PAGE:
مدل هزینه کیفیت برای کارخانه های فرآوری مواد غذایی
|کد مقاله||سال انتشار||تعداد صفحات مقاله انگلیسی||ترجمه فارسی|
|6559||2007||8 صفحه PDF||سفارش دهید|
نسخه انگلیسی مقاله همین الان قابل دانلود است.
هزینه ترجمه مقاله بر اساس تعداد کلمات مقاله انگلیسی محاسبه می شود.
این مقاله تقریباً شامل 5060 کلمه می باشد.
هزینه ترجمه مقاله توسط مترجمان با تجربه، طبق جدول زیر محاسبه می شود:
Publisher : Elsevier - Science Direct (الزویر - ساینس دایرکت)
Journal : Journal of Food Engineering, Volume 83, Issue 3, December 2007, Pages 414–421
A HACCP-based system is a recognized food safety management program aiming at the control of all the factors affecting food safety. It is also possible to add factors related to food quality. To evaluate the effectiveness of a quality system, a realistic estimate of quality costs is essential. The purpose of this work is to develop a mathematical model for the calculation of the costs associated with a specific quality level due to HACCP-based system implementation. Experimental results obtained at Argentinean hake freezing plants (Merluccius hubbsi) are presented and compared with those calculated with the proposed model. The proportion of variance explained by the model was 0.903 for total quality costs; proving its optimum performance.
The HACCP system constitutes a food safety management system based on a scientific, systematic, rational, multi-disciplinary, and cost-effective approach, controlling safety problems in food processing, especially for high-risk foods such as meat, poultry or fishery products (Deodhar, 2003, Huss, 1995, Jensen and Unnevehr, 2000, Ziggers, 2000 and Zugarramurdi et al., 1999). Properly applied, there is no other system or method able to provide the same degree of safety and quality assurance at a lower cost (Huss, 1994 and Jensen and Unnevehr, 2000). Few studies have addressed the costs and benefits of HACCP implementation in the food business. As a consequence, it is difficult to evaluate the extent to which costs and benefits to businesses act as an incentive/disincentive to the further adoption of HACCP within the food sector (Henson, Holt, & Northen, 1999). Many food processing plant managers feel that quality programs decrease plant productivity, thereby making such programs a costly “luxury”. This may be true for an initial implementation period, but it is not indefinitely true (Bonnell, 1994). A study of HACCP adoption in the UK dairy industry shows that firms are adopting HACCP in order to meet customer as well as legal requirements and to gain improvements in operating efficiency (Henson et al., 1999). To evaluate the effectiveness of a HACCP-based system, a realistic estimate of quality costs is essential. Quality costing activities can be carried out to gain top management commitment, direct improving efforts, and, above all, estimate the benefits of quality improvement (Huss, 1995 and Saita, 1991). Quality costing is the first step for preparing a case for Total Quality Management (TQM) initiative. Moreover, a realistic estimation of quality costs is an essential element of any TQM initiative. However, only a minority of organizations uses formal quality costing methods because quality costs are hard to measure. This work aims to develop a mathematical model for the calculation of the costs associated with a specific quality level due to HACCP-based system implementation. Experimental results obtained at Argentinean hake freezing plants (Merluccius hubbsi) are presented and compared with those calculated with the proposed model.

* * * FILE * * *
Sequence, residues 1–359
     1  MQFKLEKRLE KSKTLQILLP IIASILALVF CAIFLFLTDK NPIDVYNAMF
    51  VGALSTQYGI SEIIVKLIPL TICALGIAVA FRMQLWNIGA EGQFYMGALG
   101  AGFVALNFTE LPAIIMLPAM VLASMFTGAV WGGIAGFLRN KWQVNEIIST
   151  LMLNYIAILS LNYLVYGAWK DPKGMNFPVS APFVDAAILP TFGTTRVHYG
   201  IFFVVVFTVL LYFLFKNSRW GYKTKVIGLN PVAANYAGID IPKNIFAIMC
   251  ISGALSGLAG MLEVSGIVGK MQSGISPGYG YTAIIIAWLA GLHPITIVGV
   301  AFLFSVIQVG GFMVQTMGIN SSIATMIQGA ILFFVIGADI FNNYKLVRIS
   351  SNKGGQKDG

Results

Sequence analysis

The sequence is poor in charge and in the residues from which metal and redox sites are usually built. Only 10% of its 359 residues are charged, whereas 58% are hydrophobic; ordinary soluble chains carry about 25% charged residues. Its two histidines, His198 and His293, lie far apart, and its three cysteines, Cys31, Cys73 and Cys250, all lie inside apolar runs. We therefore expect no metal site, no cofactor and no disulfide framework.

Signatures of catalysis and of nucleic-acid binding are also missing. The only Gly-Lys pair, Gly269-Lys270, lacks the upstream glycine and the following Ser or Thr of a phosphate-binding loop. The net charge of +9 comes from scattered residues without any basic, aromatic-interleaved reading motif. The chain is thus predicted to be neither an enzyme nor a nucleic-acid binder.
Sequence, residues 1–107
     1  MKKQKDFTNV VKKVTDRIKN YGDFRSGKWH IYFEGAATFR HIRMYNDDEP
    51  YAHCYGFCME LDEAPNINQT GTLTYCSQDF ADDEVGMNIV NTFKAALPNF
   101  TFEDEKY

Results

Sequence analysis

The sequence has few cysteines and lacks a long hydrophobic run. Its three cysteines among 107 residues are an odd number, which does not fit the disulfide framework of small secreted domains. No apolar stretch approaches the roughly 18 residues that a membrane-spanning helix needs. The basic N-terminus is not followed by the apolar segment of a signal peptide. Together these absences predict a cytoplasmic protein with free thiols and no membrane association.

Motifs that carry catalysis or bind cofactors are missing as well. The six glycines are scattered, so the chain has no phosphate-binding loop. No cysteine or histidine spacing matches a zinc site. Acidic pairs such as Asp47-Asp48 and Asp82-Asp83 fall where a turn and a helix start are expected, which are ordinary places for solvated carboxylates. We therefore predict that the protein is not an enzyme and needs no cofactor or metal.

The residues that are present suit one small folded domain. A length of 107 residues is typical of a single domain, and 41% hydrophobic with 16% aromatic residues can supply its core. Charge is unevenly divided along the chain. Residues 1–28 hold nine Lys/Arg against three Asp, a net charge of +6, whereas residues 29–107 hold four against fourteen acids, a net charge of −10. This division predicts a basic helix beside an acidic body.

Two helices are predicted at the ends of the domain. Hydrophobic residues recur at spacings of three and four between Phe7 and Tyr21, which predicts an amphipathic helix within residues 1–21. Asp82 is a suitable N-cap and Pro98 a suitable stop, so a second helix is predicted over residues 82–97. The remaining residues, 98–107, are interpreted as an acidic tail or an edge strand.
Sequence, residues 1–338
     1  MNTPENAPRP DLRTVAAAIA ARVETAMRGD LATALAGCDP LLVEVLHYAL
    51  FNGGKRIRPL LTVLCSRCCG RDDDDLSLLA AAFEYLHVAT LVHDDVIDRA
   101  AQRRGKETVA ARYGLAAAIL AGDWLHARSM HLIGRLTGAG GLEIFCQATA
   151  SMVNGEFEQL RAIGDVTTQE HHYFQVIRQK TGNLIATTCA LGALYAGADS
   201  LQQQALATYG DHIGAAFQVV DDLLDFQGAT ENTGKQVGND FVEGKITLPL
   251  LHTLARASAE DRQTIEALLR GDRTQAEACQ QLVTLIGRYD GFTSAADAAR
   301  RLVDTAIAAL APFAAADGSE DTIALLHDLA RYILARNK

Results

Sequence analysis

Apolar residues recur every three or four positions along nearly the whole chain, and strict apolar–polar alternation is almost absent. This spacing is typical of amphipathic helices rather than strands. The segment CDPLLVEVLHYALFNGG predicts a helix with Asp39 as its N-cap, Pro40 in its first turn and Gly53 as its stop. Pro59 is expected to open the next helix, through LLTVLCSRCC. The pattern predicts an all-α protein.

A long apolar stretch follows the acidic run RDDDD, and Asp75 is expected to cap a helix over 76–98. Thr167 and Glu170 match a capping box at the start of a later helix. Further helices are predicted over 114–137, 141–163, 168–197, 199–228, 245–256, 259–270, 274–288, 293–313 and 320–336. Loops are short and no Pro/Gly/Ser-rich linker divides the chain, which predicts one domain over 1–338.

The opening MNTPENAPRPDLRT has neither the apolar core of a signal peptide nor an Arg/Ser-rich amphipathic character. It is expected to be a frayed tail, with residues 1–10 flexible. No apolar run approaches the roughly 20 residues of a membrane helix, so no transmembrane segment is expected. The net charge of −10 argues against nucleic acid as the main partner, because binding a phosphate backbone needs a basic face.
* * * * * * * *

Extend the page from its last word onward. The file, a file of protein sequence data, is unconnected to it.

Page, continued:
نتیجه گیری انگلیسی
To evaluate the effectiveness of the HACCP-based system implemented in food processing plants, a mathematical quality cost model is proposed. The model consists of two controllable costs and resulting cost sub-models. The model assumes that quality costs can be calculated from eleven different components. Each component of controllable costs is affected by coefficients that depend on the quality level and on quality, market, and production parameters. Failure costs were estimated as direct company losses. The model is applied to fish processing plants and compared with experimental values obtained from real plants. A very good regression coefficient for total quality costs was obtained, showing that the model explains the 90.3% of the experimental values from actual fish freezing processing plants.